Blame McDonald's — not Ethanol — for Increasing Chicken Prices

chartWell, don’t “blame” McDonald’s, that’s a little harsh. It’s a good thing for agriculture that McDonald’s is buying more chicken from farmers to meet demand for a new menu item. Bravo!

But this story from Bloomberg Businessweek about how McDonald’s may be influencing chicken prices as it prepares to add chicken wings to its menu is important for poultry farmers to read for this reason: There are many factors that influence food prices. Stop pinning rising food prices on the Renewable Fuels Standard (RFS).

The poultry industry is going hard after the RFS — arguing that the piece of legislation that sets goals for transportation fuels sold in the United States to be blended with renewable fuels such as ethanol is driving up the price of food.

It’s not ethanol that increases the cost of our food. Oil prices play a major role, and so does supply and demand. When a major global fast-food chain like McDonald’s starts stockpiling chicken wings, the market feels the reduced supply and adjusts prices accordingly.

Here’s an important (ahem) nugget of information from the Bloomberg story:

Wedbush analyst Nick Setyan says McDonald’s probably started stockpiling wings about 18 months ago, which diminished supply. In late 2011, the Georgia dock wholesale price of chicken wings started rising from 90¢ to more than $2 per pound earlier this year, an increase that got passed along at the supermarket. Prices have since fallen to about $1.46 per pound. Steyan believes it will be hard for McDonald’s to make wings a permanent menu item, as the company may have underestimated its own impact on the wing market. It’s not just wings, either. The wholesale price of boneless chicken breast has climbed 24 percent since March, an increase Sanderson Farms Chief Executive Joe Sanderson Jr. attributes to rising demand from fast-food restaurants.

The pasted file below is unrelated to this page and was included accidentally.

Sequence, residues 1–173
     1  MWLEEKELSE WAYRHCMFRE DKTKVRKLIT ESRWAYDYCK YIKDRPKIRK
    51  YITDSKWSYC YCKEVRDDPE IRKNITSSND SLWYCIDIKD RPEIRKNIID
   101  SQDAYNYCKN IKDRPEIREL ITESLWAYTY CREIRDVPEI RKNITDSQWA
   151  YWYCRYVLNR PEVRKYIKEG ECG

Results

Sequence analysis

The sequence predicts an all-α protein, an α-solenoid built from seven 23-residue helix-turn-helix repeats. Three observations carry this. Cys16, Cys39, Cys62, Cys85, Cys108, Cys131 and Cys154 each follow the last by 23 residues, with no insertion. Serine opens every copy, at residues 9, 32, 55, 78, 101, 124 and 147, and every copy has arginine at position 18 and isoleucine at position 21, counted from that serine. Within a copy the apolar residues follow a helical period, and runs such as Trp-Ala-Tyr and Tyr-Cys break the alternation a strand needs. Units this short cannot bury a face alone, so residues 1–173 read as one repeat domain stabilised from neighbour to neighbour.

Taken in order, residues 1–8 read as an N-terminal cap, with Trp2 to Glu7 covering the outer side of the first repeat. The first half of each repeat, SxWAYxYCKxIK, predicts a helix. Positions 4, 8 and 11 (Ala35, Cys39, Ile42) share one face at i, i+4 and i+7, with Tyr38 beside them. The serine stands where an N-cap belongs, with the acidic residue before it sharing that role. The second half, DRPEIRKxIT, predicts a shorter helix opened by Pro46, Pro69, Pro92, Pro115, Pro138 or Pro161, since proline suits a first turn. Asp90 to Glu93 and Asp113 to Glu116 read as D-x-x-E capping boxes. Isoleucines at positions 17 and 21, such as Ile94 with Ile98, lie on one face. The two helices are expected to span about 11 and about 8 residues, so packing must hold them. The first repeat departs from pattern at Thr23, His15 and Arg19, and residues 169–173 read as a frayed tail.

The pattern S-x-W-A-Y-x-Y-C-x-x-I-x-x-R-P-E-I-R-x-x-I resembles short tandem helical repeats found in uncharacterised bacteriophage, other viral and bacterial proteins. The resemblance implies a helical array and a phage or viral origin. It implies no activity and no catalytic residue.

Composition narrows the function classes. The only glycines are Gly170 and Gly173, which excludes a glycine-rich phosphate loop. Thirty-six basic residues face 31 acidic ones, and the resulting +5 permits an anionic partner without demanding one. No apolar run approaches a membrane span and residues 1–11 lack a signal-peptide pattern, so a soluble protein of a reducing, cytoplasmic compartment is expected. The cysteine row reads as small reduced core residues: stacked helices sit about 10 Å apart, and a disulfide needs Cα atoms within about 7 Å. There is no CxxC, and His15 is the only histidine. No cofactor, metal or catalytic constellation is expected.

Bringing down the cost of food is not as easy as ordering fries with your Big Mac. You can’t just repeal a piece of legislation like the RFS, which is actually working to keep fuel costs down, and expect all problems to be solved.

The market doesn’t work that easily.

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